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The rhinoceros bones, which have found many stone tools and butchery marks, have attracted people to the 700,000 years ago in the Philippines.
Along with the Homo Sapiens footbath, which was found in Callao Cave in 2007, it was thought that people first lived in the Philippines 67,000 years ago.

But now it is understood that this number should be about 11 times more. Because an international research team showed strong evidence that the first people were in the Philippines at least 709,000 years ago. According to the study published in the journal Nature, 57 stone tools and butchery operations and a skeleton of a rhino separated from the joints were found.
The chief editor of the research, Thomas Ingicco, said, taş There are two questions that need to be answered at the moment: Who were the stone tools and the rhino? Another question is how stone tool makers and rhinos are spreading into this idyllic part of the Philippines. Diğer

New research provides many clues.

First, animals and animals, including deer, giant lizards, freshwater turtles and stegedons (an extinct species similar to elephants and mammoths) were found in the Cayagan Valley, north of the island of Luzon, the Philippines.

. 700,000 years ago, Homo erectus was located all over Asia. Fossils were found in China and Java in Indonesia. Some of them are quite old, but the oldest one dates back to 1.8 million years ago. Bunlar

For this reason, the toolmakers in Kalinga should have been Homo Erectus, and these people must have traveled to the Philippines in four possible ways. The first one is the northern route, from China via Taiwan. The other route is from Sulawesi via the southern road and the islands of Sangihe. The third is via the southwestern road and the Sulu Archipelago from Borneo. The fourth is via the northwest road and Palawan Island from Borneo.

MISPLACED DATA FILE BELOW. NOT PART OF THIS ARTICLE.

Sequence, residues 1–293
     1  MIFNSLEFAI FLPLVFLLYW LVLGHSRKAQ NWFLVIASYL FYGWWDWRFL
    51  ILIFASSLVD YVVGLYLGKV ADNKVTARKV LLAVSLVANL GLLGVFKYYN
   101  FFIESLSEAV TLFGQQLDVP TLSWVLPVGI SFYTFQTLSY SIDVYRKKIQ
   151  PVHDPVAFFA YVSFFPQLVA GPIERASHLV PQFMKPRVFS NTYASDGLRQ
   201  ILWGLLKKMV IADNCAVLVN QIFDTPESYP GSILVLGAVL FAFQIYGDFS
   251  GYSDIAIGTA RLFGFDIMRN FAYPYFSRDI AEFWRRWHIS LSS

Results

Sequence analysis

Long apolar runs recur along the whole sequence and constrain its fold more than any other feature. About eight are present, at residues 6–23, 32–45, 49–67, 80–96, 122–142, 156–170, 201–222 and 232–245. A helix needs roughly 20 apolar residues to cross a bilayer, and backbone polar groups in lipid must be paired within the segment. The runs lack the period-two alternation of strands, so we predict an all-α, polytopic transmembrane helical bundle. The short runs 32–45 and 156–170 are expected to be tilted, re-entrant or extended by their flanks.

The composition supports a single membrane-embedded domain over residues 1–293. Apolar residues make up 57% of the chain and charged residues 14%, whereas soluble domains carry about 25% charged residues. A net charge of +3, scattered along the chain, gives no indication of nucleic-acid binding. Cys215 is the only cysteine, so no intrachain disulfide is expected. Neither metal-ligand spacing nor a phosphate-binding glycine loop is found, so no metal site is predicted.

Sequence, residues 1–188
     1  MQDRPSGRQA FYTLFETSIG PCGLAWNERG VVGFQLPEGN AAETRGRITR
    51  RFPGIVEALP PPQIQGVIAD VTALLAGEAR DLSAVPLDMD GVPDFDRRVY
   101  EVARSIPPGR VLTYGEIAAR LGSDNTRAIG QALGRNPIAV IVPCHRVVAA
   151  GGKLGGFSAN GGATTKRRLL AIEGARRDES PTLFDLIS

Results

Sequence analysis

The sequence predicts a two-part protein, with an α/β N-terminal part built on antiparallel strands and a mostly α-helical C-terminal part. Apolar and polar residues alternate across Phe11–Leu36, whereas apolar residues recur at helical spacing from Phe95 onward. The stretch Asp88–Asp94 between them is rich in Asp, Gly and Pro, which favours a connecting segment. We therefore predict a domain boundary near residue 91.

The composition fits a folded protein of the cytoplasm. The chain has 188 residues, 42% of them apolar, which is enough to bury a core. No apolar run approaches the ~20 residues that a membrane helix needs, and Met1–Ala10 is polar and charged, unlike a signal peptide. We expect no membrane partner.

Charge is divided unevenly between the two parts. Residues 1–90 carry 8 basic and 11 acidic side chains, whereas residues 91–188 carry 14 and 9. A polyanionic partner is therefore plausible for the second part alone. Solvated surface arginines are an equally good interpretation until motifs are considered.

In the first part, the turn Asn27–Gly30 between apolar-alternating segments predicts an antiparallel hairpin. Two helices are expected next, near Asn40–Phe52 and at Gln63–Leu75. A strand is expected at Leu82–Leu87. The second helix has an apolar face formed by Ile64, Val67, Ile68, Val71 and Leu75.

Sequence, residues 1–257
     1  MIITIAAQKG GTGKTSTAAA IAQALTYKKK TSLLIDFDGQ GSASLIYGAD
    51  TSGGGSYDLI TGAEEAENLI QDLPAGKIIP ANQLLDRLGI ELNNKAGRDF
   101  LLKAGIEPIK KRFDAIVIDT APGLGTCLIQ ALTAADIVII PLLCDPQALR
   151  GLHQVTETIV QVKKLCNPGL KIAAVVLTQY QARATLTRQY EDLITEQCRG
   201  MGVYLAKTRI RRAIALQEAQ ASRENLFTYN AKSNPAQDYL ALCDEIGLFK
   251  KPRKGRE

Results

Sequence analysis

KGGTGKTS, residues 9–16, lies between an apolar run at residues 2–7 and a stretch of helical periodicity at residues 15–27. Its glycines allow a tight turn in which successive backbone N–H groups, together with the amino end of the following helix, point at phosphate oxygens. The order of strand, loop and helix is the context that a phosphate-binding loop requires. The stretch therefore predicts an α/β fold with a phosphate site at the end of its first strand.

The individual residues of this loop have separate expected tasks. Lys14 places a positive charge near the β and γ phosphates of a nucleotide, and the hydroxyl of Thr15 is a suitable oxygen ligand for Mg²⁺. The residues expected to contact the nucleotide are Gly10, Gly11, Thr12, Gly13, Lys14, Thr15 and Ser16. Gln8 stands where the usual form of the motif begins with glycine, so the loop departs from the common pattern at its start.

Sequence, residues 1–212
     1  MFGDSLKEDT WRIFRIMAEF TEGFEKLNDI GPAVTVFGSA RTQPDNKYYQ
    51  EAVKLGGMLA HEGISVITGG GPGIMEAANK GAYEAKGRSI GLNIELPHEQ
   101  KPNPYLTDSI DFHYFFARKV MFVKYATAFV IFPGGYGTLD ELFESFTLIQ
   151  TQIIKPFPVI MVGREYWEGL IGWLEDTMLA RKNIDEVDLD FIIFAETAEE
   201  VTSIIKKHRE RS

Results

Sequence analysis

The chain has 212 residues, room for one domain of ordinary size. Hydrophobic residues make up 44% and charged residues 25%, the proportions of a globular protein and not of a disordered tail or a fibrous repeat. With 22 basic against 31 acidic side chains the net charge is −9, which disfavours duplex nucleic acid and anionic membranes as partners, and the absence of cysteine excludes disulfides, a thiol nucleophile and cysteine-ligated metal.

Perhaps these trips were not conscious.
700,000-year-old rhinoceros remains on butchery. C: University of Wollongong
In The colonies established on the islands, for example, could have been caused by natural boats such as mangrove trees that floated off the coast during the typhoon. During these typhoons, animals and hominids (early people) should have come to the islands through a large number of united objects (called floating islands). Such natural rafts were well documented in historical periods, making them likely to be colonized by the hominids during the Middle Pleistocene of Luzon. Bu

These floating islands cannot be archaeologically recorded, but may be a kind of sea vehicle for that period.

Scientists cannot ignore the fact that the builders of Kalinga build their own boats, rafts or other water transport vehicles. The distance was too far for the people to swim, so scientists could at least reject this idea.
 If these hominins were able to build some sort of watercraft, then this would be a truly extraordinary discovery, Ing Ingicco says.

The researchers are also unable to ignore the possibility that the Kalingans are Homo floresiensis, also known as Hobbit People. The name Hobbit was given because they had small bodies, and when the Lord of the Rings published the film. The island of Flores, where the remains of Homo floresiensis, are located just south of the Philippines.